Come forth, and come hither - The "reasons" which seem to have influenced this singular monarch to recal the sentence passed on them, and to attempt to punish them no further, seem to have been, that he had some remains of conscience; that he was accustomed to pay respect to what "he" regarded as God; and that he now saw evidence that a "true" God was there.

26. the most high God—He acknowledges Jehovah to be supreme above other gods (not that he ceased to believe in these); so he returns to his original confession, "your God is a God of gods" (Da 2:47), from which he had swerved in the interim, perhaps intoxicated by his success in taking Jerusalem, whose God he therefore thought unable to defend it. Came near; as near as he durst come, within hearing. And spake with a milder tone than before, God having abated the fire of his fury. Now he could at once confess and acknowledge the true God to be the Most High above all gods, and the three worthies to be his faithful servants.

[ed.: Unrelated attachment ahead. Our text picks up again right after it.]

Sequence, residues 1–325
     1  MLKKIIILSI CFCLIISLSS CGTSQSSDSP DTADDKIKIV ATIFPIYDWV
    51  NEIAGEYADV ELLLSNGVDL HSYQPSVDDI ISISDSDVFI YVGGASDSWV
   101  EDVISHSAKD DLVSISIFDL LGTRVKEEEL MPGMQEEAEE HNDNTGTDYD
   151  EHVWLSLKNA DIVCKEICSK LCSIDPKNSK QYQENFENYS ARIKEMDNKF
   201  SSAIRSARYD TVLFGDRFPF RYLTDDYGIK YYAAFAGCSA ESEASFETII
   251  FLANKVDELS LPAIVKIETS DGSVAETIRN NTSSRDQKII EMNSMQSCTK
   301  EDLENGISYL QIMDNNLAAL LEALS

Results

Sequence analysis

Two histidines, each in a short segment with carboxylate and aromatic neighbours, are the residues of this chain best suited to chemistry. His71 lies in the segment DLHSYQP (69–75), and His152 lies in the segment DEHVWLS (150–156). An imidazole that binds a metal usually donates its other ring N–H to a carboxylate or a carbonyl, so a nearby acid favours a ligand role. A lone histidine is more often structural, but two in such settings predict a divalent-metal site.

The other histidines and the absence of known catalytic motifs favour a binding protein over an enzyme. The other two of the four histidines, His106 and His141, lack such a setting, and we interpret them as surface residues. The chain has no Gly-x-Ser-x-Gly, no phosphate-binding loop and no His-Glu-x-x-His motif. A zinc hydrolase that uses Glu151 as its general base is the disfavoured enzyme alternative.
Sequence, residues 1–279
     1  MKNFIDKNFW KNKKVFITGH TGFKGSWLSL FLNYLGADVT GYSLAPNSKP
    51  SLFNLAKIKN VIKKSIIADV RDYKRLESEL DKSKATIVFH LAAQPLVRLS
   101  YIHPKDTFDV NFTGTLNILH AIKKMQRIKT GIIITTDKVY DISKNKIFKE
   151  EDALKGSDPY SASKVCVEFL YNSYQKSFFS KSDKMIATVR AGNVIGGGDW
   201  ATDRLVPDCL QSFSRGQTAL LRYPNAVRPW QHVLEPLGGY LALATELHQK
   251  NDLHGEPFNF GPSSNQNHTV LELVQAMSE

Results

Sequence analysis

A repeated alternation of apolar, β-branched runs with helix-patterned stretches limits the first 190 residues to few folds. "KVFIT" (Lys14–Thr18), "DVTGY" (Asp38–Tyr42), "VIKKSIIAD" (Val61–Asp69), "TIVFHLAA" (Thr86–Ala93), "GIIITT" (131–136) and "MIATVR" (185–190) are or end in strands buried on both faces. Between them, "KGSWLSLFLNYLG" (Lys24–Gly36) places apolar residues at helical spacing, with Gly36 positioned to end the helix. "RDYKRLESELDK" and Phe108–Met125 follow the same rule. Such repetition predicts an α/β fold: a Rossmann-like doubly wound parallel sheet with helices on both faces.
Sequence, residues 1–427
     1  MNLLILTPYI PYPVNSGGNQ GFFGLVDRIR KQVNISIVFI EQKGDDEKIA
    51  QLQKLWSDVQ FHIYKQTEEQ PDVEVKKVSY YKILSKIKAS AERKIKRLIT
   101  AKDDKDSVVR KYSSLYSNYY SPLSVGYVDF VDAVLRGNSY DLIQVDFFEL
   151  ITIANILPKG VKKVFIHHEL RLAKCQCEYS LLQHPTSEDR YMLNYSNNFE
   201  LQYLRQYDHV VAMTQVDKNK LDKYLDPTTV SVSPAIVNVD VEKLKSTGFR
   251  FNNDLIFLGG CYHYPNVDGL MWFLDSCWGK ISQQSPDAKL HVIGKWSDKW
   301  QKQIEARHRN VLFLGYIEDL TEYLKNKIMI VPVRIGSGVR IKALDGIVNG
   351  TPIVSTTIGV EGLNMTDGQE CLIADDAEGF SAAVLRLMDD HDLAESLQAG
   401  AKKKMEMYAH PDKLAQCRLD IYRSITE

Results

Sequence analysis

Came forth of the midst of the fire; they went out upon the king’s call, without which they would not have stirred.

Then Nebuchadnezzar came near to the mouth of the burning fiery furnace,.... He came so nigh before, as to see at a distance four persons walking in it; now he comes nearer, as near as he could with safety:

and spake and said, Shadrach, Meshach, and Abednego, ye servants of the most high God; he not only spake to them in a different tone than he did before; not in wrath and fury, but mildly and gently, with great respect unto them, and reverence of them; and not only calls them by the names he and his courtiers had given them, but styles them the servants of the most high God; he owns their God was a God above his: the Chaldeans worshipped fire, but the God of the Jews had power over that, and could restrain the force of it at pleasure; and he acknowledges that these men were faithful worshippers of him; who had in this wonderful manner appeared for them, and thereby approved their faith and confidence in him, and their service of him; see Acts 16:17,